Agony and Ivory
Activists sue to stop water project near ivory-billed woodpecker habitat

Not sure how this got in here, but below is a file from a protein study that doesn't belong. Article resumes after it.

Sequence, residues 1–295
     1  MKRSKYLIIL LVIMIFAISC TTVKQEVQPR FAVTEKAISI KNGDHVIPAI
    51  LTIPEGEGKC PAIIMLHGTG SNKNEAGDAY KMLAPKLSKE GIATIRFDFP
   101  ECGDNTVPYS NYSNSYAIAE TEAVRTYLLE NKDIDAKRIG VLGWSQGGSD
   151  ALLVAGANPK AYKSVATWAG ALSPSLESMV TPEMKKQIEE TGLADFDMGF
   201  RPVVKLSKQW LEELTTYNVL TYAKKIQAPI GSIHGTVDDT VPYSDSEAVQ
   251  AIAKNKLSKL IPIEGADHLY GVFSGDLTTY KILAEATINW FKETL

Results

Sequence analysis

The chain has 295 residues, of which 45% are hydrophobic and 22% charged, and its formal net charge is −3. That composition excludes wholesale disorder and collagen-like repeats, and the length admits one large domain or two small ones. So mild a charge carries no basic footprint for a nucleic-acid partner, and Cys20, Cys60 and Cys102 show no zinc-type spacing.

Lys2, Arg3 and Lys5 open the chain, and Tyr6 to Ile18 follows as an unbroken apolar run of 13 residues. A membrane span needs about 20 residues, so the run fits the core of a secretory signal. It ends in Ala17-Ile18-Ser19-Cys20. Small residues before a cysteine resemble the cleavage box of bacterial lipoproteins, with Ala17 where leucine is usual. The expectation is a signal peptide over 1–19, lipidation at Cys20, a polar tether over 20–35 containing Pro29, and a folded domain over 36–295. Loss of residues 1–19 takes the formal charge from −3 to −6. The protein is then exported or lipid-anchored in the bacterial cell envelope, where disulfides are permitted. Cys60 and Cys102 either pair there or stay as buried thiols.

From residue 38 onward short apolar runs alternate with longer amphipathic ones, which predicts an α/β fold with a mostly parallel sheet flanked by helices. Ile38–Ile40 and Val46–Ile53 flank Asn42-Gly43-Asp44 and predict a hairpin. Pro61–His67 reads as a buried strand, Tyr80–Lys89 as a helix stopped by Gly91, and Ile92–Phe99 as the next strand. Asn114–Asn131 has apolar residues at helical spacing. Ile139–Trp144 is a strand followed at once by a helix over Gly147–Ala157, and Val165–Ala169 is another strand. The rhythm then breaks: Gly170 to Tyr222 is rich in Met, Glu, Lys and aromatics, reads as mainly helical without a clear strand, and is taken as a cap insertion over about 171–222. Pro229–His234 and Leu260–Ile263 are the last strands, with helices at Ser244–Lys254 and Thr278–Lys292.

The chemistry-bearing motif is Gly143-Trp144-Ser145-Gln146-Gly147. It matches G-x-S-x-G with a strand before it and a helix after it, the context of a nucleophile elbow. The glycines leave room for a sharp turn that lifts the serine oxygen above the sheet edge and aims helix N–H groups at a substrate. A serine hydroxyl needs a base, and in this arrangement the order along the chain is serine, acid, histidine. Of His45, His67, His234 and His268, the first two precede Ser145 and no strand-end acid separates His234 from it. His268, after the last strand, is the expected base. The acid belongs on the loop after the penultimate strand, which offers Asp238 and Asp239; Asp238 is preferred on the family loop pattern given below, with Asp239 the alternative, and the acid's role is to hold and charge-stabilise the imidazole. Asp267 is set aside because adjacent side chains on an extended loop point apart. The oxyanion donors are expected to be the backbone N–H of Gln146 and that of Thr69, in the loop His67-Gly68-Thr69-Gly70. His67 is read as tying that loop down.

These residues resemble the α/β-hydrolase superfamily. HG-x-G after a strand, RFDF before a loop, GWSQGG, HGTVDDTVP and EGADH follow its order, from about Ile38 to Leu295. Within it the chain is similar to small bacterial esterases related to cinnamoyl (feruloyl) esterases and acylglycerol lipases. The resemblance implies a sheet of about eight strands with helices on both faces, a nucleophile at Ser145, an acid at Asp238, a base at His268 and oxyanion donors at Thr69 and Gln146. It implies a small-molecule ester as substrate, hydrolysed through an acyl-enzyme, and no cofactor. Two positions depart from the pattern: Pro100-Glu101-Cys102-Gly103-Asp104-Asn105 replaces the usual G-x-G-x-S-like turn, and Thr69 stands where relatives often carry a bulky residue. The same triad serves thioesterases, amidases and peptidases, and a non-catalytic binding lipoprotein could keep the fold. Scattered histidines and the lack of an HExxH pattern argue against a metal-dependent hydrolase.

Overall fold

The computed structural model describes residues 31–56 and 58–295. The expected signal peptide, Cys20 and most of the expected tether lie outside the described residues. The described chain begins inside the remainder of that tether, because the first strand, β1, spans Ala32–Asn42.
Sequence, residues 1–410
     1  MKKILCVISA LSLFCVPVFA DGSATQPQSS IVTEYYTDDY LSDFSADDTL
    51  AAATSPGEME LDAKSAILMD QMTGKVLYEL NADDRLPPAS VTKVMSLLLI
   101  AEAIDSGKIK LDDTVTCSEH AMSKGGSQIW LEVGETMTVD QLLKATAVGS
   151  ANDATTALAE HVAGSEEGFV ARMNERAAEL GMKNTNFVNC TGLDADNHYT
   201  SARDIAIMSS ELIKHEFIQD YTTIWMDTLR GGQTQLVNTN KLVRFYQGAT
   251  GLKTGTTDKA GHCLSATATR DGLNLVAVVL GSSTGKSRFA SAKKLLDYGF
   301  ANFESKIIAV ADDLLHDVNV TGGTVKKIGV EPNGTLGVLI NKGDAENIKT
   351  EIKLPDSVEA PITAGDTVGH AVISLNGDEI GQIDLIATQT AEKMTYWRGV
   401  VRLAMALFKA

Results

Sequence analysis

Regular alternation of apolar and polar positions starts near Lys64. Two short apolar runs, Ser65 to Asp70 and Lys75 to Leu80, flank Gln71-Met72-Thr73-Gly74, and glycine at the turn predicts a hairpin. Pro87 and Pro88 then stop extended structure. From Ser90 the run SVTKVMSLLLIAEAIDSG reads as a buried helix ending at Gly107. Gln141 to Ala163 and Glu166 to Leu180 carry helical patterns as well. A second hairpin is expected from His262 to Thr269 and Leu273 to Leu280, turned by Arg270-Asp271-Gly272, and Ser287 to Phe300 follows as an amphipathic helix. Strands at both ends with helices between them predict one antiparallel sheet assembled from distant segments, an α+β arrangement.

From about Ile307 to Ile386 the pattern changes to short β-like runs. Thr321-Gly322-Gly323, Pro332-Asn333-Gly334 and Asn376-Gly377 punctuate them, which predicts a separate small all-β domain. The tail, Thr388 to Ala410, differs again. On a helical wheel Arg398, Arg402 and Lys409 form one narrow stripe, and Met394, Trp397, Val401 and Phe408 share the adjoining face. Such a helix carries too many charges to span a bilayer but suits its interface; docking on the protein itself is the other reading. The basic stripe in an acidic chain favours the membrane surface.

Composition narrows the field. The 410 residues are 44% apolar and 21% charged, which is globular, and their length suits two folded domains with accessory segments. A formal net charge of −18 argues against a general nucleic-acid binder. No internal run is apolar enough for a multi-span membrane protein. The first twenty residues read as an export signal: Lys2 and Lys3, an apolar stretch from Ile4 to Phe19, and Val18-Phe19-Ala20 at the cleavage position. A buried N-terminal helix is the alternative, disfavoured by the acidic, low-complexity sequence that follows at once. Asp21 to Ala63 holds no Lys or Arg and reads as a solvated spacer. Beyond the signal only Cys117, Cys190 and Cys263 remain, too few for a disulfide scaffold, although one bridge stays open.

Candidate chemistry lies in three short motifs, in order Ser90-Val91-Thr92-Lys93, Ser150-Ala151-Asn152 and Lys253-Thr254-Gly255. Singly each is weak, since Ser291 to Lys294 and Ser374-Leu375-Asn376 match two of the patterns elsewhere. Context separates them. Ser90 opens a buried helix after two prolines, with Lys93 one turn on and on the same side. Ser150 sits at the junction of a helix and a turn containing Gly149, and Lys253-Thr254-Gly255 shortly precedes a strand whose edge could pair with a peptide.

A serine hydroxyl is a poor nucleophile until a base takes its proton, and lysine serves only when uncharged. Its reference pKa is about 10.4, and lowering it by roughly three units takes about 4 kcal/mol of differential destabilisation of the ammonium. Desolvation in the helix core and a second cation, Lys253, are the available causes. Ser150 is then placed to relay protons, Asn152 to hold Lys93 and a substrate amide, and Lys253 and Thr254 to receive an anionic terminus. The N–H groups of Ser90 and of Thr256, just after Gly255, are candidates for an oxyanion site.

Bird lovers rejoiced when the ivory-billed woodpecker was rediscovered, but now the fun really begins. Eco-advocates are aiming to block two planned federal water projects that threaten the eastern Arkansas bottomland hardwood forest area where the bird resides. Two conservation groups filed suit in federal court yesterday to stop one of them, the Grand Prairie irrigation project, a 250,000-acre undertaking (located about 20 miles from where the woodpecker was sighted) that would divert about 158 billion gallons of water a year to the region’s rice farmers. In early May, the Army Corps of Engineers stopped work on the project to assess its potential impact on the woodpecker, then determined that it wasn’t likely to cause the bird any harm and resumed work in early June. The U.S. Fish and Wildlife Service agreed with the Corps’ assessment. But environmentalists aren’t buying it — they argue that both projects could drive the ivory-bill really, truly extinct at last.